Maths Anxiety Is Still Not a Thing

I’m late to this. Things have been busy, and not good. Still, the work goes on and this has to be done.

Last week, The Centre For Independent Studies came out with yet another “Analysis Paper”: Facing Up to Maths Anxiety. The paper is by “eminent professor David C Geary” and was launched with the standard fanfare, including a Canberra Times op ed by Geary and a companion ABC article by CIS’s Lead Education Pontificator, Glenn Fahey. Continue reading “Maths Anxiety Is Still Not a Thing”

Education Pundits, and Why We Can’t Have Nice Things

Earlier this week, Ben Jensen‘s Learning First released a report on Australia’s science curriculum. Their report was strong, with a clear and simple message: the science curriculum has too little science, too incoherently presented. The reporting on Learning First’s research was very good. The punditry was not. Continue reading “Education Pundits, and Why We Can’t Have Nice Things”

Belabouring the Real World

Bridget Phillipson is UK Labour’s shadow minister for education. She is proposing a new program, “phonics for maths”, which sounds like a good thing. Countering Rishi Rich’s idiotic demand that everyone study mathematics until they’re 50, Phillipson gave a speech a few days ago, with a decent chunk on primary school mathematics:

“Maths is the language of the universe, the underpinning of our collective understanding. It cannot be left till the last years of school.”

“… it’s why I’m proud to tell you today, that we’ll tackle our chronic cultural problem with maths, by making sure it’s better taught at six, never mind 16.”

Great. And how is Labour to do this? Well,

Labour says it will replace Rishi Sunak’s demand for compulsory maths classes until 18 with improved maths teaching for younger children and “real world” numeracy lessons for pupils in England.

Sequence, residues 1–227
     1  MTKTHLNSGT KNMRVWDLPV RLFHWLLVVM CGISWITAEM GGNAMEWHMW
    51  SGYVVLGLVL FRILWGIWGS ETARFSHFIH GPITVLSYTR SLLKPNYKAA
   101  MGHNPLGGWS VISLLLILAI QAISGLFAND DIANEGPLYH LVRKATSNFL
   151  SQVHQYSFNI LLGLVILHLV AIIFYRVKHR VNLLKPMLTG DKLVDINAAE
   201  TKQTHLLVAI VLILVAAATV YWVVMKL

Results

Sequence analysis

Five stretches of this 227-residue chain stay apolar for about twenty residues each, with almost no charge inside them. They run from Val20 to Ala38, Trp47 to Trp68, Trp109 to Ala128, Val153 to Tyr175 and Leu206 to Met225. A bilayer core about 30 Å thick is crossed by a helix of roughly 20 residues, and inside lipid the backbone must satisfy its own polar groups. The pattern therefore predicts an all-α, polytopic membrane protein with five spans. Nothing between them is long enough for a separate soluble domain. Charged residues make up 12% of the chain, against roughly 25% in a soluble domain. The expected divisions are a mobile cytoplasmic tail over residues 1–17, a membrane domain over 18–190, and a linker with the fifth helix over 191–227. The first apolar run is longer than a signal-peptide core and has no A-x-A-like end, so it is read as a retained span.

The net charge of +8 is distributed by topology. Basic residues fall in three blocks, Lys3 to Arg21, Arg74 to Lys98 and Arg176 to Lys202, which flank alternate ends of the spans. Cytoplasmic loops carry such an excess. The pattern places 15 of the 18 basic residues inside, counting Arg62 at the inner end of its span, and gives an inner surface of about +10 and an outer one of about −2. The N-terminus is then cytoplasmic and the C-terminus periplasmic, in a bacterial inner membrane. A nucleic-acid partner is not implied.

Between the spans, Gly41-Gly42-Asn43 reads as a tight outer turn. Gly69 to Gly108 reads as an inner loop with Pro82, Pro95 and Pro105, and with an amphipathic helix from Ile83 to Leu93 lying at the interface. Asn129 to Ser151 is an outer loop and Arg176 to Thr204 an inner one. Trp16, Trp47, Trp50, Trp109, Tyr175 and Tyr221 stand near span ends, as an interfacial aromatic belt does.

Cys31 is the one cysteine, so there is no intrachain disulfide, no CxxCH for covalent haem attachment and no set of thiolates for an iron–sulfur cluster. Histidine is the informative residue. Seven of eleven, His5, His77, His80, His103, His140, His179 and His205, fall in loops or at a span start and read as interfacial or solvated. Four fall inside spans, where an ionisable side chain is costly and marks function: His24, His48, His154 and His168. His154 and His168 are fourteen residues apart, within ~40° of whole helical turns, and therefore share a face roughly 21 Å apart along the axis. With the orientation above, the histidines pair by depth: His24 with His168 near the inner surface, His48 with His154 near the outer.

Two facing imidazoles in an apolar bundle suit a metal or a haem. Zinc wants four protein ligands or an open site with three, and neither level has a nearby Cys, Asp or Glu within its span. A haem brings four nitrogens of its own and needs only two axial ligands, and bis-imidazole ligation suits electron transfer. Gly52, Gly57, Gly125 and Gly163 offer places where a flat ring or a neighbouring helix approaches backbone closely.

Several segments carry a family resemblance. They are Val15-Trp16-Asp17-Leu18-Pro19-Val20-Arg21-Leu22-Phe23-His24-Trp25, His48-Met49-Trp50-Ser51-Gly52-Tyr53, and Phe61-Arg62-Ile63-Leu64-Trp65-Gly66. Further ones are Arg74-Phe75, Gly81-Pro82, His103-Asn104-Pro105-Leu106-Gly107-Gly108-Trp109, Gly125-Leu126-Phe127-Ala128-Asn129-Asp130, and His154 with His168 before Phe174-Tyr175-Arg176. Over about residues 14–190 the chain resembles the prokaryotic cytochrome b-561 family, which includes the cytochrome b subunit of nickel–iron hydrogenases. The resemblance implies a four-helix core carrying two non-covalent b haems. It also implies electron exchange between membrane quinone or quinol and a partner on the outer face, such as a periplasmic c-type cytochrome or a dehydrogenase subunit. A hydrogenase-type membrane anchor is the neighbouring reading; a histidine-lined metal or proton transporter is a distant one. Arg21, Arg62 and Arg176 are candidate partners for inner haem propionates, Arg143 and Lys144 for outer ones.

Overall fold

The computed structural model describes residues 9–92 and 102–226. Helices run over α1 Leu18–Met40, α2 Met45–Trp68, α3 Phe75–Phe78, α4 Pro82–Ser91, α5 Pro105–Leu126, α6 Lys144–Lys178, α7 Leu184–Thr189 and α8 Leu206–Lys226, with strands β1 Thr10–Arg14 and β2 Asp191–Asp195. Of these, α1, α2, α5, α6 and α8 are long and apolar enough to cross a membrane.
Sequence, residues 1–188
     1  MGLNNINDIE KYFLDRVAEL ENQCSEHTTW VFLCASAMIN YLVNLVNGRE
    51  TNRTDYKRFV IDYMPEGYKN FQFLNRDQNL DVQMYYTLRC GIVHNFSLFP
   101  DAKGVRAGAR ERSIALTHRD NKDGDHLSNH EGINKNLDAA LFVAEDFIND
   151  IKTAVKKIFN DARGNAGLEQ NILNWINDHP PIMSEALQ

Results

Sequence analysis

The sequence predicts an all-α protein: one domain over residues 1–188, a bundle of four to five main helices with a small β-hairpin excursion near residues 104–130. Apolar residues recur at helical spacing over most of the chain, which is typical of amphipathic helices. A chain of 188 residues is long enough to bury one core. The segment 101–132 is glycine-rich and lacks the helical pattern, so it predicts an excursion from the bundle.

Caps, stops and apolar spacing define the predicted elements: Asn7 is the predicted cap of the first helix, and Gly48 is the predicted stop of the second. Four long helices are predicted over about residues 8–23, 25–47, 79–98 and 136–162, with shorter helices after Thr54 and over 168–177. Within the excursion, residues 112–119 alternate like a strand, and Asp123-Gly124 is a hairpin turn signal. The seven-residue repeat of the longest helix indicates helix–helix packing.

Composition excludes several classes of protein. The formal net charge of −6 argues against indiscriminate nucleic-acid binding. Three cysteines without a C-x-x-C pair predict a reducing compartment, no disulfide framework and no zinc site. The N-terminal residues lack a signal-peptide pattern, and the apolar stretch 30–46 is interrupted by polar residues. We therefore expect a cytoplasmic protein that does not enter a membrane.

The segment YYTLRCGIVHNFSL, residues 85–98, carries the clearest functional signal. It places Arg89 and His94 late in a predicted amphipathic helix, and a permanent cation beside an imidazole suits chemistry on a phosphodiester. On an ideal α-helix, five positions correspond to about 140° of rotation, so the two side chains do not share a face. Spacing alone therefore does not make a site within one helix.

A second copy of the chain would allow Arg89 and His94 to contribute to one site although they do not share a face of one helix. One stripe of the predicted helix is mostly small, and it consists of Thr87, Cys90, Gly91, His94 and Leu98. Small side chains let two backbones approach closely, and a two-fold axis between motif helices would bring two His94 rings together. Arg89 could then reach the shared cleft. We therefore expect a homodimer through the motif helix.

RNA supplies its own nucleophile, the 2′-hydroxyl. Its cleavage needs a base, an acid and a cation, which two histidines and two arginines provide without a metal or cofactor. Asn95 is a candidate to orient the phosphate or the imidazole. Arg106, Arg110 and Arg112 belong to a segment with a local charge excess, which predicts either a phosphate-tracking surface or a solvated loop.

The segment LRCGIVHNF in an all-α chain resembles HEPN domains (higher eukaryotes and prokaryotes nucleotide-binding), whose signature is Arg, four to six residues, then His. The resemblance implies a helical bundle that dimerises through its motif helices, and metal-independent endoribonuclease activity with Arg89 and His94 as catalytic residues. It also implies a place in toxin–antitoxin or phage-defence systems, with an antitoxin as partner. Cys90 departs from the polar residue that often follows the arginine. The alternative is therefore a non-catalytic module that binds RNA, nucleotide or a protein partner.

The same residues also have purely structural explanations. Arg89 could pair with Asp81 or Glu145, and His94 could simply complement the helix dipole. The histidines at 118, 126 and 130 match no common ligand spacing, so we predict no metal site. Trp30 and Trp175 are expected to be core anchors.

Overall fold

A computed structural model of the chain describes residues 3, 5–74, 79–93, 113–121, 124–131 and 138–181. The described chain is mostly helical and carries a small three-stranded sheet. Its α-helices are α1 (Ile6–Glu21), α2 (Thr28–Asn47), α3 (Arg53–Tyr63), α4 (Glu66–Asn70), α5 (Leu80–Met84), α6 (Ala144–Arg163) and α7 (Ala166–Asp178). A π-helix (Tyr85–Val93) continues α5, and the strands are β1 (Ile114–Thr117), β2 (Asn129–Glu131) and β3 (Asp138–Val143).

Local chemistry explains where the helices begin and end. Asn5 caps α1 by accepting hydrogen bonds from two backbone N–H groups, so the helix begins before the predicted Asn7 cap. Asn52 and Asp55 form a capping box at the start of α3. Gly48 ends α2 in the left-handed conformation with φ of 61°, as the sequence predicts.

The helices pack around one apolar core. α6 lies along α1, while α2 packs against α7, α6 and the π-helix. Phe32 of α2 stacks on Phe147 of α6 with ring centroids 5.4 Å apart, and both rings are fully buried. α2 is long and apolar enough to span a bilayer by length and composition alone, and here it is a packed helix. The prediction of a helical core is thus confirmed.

Bridget Phillipson, the shadow education secretary, will tell Labour’s conference in Liverpool that its curriculum review would “bring maths to life for the next generation”, using practical examples drawn from household budgeting, currency exchange rates for tourists, sports league tables and cookery recipes.

Not quite. Phillipson tinkered with her speech after feeding it in advance to the media. So, “real world” is no longer there. But, the real world message is:

“Because be it budgeting or cooking, exchange rates or payslips, maths matters for success.

And I want the numeracy all our young people need – for life and for work, to earn and to spend, to understand and to challenge, I want that to be part of their learning right from the start.”

Yep just like phonics, which is, of course, all about the real world.

These people are always the same, the emphasis on “the real world” demonstrating only that they understand nothing of mathematics education. Greg Ashman responded perfectly to a tweet making this point: “It’s a ‘tell’ as the poker players would say”.

Phillipson may have deleted “real world” from her speech but there are still plenty of tells.

Tom’s Posts Are (Lagrange) Multiplying

Tom has a new post on his Teaching Mathematics blog: Lagrange Multipliers – A Historical Approach? Tom riffs off of a (not uncommon) poor 1960’s undergraduate lecture he had, on the method of Lagrange multipliers. Please support Tom’s blog and check it out.

Continue reading “Tom’s Posts Are (Lagrange) Multiplying”

Let Them Eat Dreck

Yesterday, we wrote about the Maths Battles at Adelaide’s Prince Alfred College, but of course, the big, nationwide maths battling took place last week, with the holding of the annual Australian Mathematics Competition. Administered by the Australian Maths Trust, the AMC was undertaken by ballpark 200,000 school kids from around the country and overseas.

The competition is excellently done. We arranged and administered the comp for kids at our daughters’ primary school, and for such an everywhere undertaking the process was remarkably simple and human. Moreover, for the clueless such as ourselves, AMT’s email help was great: quick and clear and friendly. More importantly, the competition questions are excellent, clearly written and clever and well-chosen, progressing from very obvious to very not obvious (even at the primary level). The AMT, including strong mathematicians, and including a few of our friends, work very hard to get this competition right. And, to those mathematicians, particularly our friends, we offer these two words: screw you. Continue reading “Let Them Eat Dreck”

Notch 8: Battling Away at Prince Alfred College

Anthony Harradine is tireless in trying to save Australian Maths Ed. He is responsible for MathsCraft and Numerical Acumen, and all manner of things. Anthony invariably takes a positive, Nice Guy approach to all this. Nonetheless, we get along very well.

Continue reading “Notch 8: Battling Away at Prince Alfred College”